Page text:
Sadly, we tend to lash out at those that are closest to us when we are feeling stressed. Irritability and shortened temper are prime symptoms of burnout. Recognizing this is happening and monitoring your moods and interactions with others will provide you with a signal that burnout is approaching. A step to ensuring that we are maintaining healthy relationships with those closest to us is to acknowledge to them that you realize you have not treated them the way you used to, or would like to. Our loved ones provide a protective factor to burnout. Cherish these relationships by sharing with them what is going on. Talk with them and work together to find strategies to overcome impending burnout.
Is my stress temporary or chronic?
We all experience stress, but it becomes especially concerning when we are under stress for a prolonged period of time, in which the effects of stress begin to change. As previously mentioned, stress leads to the release of cortisol which leads to other complications with prolonged elevated levels. Stress is inevitable, there is no avoiding it, therefore we need to put systems in place to help us manage the stress we are faced. Self-care is a key component to keeping stress from infiltrating all domains of our lives. Self-care comes in different forms for different people, but ultimately what matters is that it is an activity that relaxes you. Create a list of activities and individuals in your life that nourish you on a psychological level. Meditation and yoga are common examples of self-care activities. However, there are many other activities that can bring you a sense of calm. Some other ideas include watching funny videos online, playing board games with loved ones, or playing a favourite playlist and dancing while you prepare dinner.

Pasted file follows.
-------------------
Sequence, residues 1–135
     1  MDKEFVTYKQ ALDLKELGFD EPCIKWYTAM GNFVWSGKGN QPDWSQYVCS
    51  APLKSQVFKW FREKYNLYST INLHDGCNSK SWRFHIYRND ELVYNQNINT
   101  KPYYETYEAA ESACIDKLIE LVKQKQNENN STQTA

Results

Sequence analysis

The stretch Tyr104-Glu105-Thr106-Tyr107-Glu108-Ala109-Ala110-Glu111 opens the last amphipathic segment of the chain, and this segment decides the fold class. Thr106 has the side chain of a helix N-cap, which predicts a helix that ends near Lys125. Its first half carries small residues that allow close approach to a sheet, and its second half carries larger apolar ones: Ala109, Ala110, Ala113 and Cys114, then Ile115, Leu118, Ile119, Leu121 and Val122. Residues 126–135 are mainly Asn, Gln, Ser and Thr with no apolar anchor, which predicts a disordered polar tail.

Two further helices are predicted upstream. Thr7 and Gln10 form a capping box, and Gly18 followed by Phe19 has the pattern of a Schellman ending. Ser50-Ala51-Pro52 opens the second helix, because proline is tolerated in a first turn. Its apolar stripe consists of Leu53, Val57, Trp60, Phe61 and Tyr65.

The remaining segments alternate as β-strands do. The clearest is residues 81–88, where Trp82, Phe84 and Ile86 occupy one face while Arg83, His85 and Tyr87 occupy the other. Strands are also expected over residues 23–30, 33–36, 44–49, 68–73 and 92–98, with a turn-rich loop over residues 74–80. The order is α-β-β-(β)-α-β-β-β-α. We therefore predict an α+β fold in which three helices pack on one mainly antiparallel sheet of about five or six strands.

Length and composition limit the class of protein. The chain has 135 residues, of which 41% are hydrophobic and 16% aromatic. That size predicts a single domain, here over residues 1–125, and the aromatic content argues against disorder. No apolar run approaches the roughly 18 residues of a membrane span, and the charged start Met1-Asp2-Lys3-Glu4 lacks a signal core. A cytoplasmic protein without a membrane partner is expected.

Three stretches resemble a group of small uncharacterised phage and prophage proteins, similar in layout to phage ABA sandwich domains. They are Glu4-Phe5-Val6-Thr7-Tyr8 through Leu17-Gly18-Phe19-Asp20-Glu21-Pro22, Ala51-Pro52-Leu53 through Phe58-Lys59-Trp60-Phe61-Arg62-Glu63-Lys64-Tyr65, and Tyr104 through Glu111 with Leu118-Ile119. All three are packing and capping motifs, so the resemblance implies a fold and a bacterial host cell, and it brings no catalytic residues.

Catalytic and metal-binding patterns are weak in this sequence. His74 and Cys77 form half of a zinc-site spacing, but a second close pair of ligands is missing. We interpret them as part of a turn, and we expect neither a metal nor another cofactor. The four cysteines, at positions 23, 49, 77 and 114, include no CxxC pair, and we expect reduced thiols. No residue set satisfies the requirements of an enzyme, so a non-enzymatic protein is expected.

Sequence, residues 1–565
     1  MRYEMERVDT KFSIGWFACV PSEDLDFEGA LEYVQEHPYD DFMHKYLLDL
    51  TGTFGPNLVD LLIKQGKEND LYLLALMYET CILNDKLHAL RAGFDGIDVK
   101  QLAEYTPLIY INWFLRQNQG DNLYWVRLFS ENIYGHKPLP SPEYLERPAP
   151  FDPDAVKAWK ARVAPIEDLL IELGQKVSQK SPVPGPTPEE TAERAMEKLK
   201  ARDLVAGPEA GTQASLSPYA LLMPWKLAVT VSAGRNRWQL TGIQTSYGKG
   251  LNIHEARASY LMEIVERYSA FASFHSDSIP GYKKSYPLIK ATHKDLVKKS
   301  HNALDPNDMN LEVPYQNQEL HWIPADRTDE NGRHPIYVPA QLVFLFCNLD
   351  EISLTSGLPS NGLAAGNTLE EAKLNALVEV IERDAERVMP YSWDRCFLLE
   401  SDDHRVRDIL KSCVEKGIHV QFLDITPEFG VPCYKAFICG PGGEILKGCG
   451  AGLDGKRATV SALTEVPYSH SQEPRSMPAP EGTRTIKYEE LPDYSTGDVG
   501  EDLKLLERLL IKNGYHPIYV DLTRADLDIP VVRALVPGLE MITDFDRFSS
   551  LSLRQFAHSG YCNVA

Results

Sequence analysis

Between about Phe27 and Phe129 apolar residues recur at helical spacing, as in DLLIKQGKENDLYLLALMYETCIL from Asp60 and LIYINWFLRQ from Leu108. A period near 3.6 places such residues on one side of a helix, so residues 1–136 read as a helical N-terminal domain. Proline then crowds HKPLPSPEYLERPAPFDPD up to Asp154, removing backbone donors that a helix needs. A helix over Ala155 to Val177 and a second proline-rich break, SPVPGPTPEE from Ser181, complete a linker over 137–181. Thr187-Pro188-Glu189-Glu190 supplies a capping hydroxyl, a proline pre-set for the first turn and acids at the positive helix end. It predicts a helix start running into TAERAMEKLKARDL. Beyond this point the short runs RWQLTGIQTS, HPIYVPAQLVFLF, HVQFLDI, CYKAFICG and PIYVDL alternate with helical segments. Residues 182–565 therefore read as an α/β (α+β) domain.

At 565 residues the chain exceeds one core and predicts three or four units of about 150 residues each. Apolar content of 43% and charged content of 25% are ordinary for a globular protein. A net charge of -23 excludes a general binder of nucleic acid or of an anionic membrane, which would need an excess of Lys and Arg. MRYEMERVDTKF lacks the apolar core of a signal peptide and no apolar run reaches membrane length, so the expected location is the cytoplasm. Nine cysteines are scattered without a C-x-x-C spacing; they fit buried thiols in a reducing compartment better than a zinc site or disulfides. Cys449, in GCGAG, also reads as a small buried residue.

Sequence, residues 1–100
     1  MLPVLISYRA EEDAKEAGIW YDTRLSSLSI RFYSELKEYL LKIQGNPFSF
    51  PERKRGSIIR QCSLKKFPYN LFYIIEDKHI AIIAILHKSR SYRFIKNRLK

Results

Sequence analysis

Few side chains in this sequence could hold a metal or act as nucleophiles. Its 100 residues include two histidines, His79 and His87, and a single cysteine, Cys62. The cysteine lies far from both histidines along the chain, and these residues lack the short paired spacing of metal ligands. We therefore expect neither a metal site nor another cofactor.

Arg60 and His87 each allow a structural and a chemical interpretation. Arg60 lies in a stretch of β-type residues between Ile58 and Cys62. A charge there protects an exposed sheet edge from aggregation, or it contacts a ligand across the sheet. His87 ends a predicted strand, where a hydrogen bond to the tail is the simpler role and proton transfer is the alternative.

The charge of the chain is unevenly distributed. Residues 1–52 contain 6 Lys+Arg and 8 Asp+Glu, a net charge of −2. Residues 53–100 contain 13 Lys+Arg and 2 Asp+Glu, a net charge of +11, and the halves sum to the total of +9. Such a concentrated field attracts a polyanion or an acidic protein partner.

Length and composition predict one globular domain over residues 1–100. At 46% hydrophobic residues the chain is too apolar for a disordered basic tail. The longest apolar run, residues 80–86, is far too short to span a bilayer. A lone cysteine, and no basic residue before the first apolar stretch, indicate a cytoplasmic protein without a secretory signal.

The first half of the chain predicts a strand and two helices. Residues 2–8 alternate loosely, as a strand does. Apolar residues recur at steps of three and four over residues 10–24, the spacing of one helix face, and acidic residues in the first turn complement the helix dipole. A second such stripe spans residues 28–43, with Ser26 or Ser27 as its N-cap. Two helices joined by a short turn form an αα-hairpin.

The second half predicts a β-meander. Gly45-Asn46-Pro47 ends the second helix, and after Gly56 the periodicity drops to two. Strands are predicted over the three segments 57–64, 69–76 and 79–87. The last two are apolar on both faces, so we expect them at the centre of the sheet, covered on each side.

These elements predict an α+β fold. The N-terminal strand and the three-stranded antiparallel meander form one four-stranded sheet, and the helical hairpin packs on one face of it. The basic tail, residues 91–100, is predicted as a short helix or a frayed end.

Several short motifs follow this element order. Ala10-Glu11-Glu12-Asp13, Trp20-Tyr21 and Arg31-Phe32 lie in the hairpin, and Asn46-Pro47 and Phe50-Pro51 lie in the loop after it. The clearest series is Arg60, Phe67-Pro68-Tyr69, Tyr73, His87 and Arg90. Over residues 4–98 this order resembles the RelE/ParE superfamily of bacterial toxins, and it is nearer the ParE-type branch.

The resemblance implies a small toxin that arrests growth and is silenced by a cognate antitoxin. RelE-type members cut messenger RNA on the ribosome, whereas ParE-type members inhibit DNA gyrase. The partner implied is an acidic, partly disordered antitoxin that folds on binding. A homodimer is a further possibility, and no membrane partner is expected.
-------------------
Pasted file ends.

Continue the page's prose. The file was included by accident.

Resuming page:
Is my relationship with drugs evolving?
As you fall victim to burnout you may not realize that alcohol or drugs begin to take on a new role in your life. Left unchecked, your relationship with a substance could evolve into an addiction or dependency. Therefore, it is important to monitor your use of alcohol or drugs, particularly if you have had issues in the past or someone in your family has struggled with substance misuse. When it comes to recovery from substance dependence, early intervention results in more promising outcomes. If someone comes to you expressing concerns about your substance use, carefully consider and review what they are saying. When under the influence, it is difficult to recognize these behaviours. An outsider may have a more objective and honest perspective.
Burnout can also be viewed as a consequence of depriving ourselves of what is necessary for our well-being. When life’s responsibilities cause us to neglect our diet, exercise, sleep, mindfulness, relationships, or substance use, we increase our risk of burning out and experiencing a health crisis, whether that be a significant mental health episode, dangerously impulsive decision making, or succumbing to a physical disease. Care for yourself by monitoring your habits, and if things are changing, hopefully asking yourself the aforementioned lifestyle questions will allow you to steer clear of burnout before it is too late. If you find yourself struggling to make these lifestyle changes for yourself, consider consulting a counsellor who is part of our lifestyle medicine team.
Bernadette van der Boom-Bebb